When other methods of obstruction fail, you should have recourse to Wasting Time; for, although it is recognised in academic circles that time in general is of no value, considerable importance is attached to tea-time, and by deferring this, you may exasperate any body of men to the point of voting against anything. Motions for adjournment, made less than fifteen minutes before tea-time or at any subsequent moment, are always carried.

—F. M. Cornford, Microcosmographia Academica: Being a Guide for the Young Academic Politician, 1908  [Abridged. Quoted from 1923 edition. –ღ t.g.]


Albert E. Wiggam, 1924
“The Four Most Useless Men in the World”


Three world possibilities lie just ahead. First, that men will destroy civilization. Second, that they will go on muddling through economic and political opportunism with hell always likely to break loose at the next turn. Third, that they will apply human intelligence to human affairs. The last is the only one that has never been tried.

Should we undertake the third program — to put intelligence in the saddle — there are four men who will not be of use and only one man who will. To find that man and place him in power is the sole hope of the world.

The first man who will be of no use is the optimist. He refuses to face facts at all and such phantasmagorical optimism never solved any political problems.

The second man who will be of no use is the pessimist. Having to choose between two evils, he chooses both. He is afflicted with omnipresent cerebral corns, ubiquitous mental bunions, and intellectual ague, run by perpetual motion. He is as blind to facts as is the optimist.

Neither the optimist nor the pessimist can help rebuild our world because they do not live in it — they live in self-made universes built of wishful fancies.

The third man who cannot help us is the conservative.
The conservative is a man who “believes that nothing should ever be done for the first time.” Congress always has debated until the country was worn out and then voted on the emasculated outcome. Had the conservative had his way, the human race would still be swinging by its tail in the jungle. He will never illuminate the world with a new freedom.

The fourth most useless man is the radical. The radical is a man who believes that nothing should ever be done except for the first time. He brings revolution, and revolutions never increase the number of wise men nor place any larger number in power. The radical, therefore, cannot help revive a sinking world.

Is there any man who can help us? Yes, the new liberal. The liberal has had a long and heroic history. In the main he has succeeded.

But in his noble humanitarianism the old liberal made three gigantic mistakes.

First, he believed that the masses were naturally just, wise, and good, and, if given political freedom and a vote, would rule themselves with sanity and intelligence. However, men are not by nature wise and good. They are good, bad, and indifferent; intelligent, mediocre, and stupid.

Second, he believed there was in society an inherent principle of progress and if men were freed politically, this principle would carry us forward and all we had to do was to get on and ride into the millennium. But there is no natural principle of social progress. Progress comes solely from the few great, separate minds that teach people how to behave better toward each other.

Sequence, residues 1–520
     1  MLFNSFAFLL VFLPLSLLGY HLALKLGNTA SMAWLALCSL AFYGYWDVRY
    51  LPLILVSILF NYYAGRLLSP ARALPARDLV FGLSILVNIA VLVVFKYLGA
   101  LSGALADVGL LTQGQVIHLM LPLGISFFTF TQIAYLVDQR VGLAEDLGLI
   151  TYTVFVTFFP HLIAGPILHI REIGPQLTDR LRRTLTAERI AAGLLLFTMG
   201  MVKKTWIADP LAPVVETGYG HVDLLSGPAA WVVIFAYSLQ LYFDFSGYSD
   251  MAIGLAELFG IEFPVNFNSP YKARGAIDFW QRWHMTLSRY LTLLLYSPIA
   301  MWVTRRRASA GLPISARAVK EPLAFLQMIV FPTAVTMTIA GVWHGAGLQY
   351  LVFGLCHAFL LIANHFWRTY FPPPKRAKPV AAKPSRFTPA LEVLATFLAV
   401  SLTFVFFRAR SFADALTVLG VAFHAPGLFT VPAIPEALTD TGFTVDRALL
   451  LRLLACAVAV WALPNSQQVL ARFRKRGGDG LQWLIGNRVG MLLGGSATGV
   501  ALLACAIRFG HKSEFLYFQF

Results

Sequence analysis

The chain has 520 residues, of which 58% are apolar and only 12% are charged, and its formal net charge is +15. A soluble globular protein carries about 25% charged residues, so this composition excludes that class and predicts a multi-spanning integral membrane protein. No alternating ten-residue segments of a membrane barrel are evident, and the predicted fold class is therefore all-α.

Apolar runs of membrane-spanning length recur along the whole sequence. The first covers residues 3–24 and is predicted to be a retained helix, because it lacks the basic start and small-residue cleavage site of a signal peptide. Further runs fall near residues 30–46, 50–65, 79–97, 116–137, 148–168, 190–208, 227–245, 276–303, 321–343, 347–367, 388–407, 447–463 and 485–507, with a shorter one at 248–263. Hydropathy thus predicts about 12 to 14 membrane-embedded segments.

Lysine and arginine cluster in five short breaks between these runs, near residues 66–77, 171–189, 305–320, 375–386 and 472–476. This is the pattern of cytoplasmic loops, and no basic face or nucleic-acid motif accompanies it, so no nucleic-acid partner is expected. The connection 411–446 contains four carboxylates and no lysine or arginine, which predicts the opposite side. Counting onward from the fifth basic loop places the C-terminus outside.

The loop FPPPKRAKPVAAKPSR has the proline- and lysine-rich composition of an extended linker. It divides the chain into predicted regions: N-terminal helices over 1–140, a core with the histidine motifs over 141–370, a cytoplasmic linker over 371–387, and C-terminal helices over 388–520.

Third, he believed that the machines which science had invented would lighten human toil and give men freedom for joy, adventure, and beauty. He was wrong. Science has saddled men with a world machine which, instead of lightening toil, threatens a deeper slavery than ever.

What, then, is needed? Plainly a new liberal with a new social vision, a new political technique, a new understanding of human nature, a new philosophy of progress, a new objective for civilization. If such men are not found and given leadership, the day of democracy, hope, and liberty for common men is all over.

Who is this new liberal and what is his technique? He is a quiet, tolerant man, with no grand, all-embracing principles except one — he applies to social problems the same kind of intelligence with which he repairs his automobile. Optimism, pessimism, radicalism, conservativism, bigotry, fundamentalism, and prejudice never repaired an automobile. They never repaired an old one or invented a new one.

The world-difficulty is that the scientist invented a world machine and then capital and labor and the politicians ran away with it and thought they could manage it without his spirit. But science never yet emancipated a man who did not catch the scientific spirit. Nor can it emancipate a society which uses its discoveries but does not possess its soul. It will only chain men to a bigger machine which they cannot control and cannot understand.

The new liberal is brother to the scientist. He cares nothing for the “grand and glorious history of the party.” He merely wants to find truth and to share it with all men. This is the new liberal’s conception of liberty. And only out of such liberty can progress come.

This task of liberalizing himself, of getting away from crowd passions and thinking tolerantly, lies within the heart of every man. All must be schooled in a new technique of life. And unless this new liberalism anoints all parties to the social conflict, unless this new method of humanizing industry, economics, and politics possesses the nations, the men who lie in Flanders field died in vain.

The poppies above their graves will wither in the stifling air of bigotry, fundamentalism, and prejudice instead of blooming amid the sunshine of tolerance and liberty which the men who lie beneath died to bring.

—Albert Edward Wiggam, “The Four Most Useless Men in the World. And One More — a Very Different Fellow — Who Is Useful Indeed,” in Collier’s, The National Weekly, 1924 August 16th  [abridged –ღ t.g.]


Two Bonus Quotes

The conservative is a man who “believes that nothing should ever be done for the first time.” If an earthquake breaks loose and does it once, very well; it then becomes “precedent.” Earthquakes become part of the status quo. He puts his money into earthquakes and they then become “vested rights.” —Ibid.

Anything Done for the First Time Unleashes a Demon  —Dave Sim, Cerebus, 1984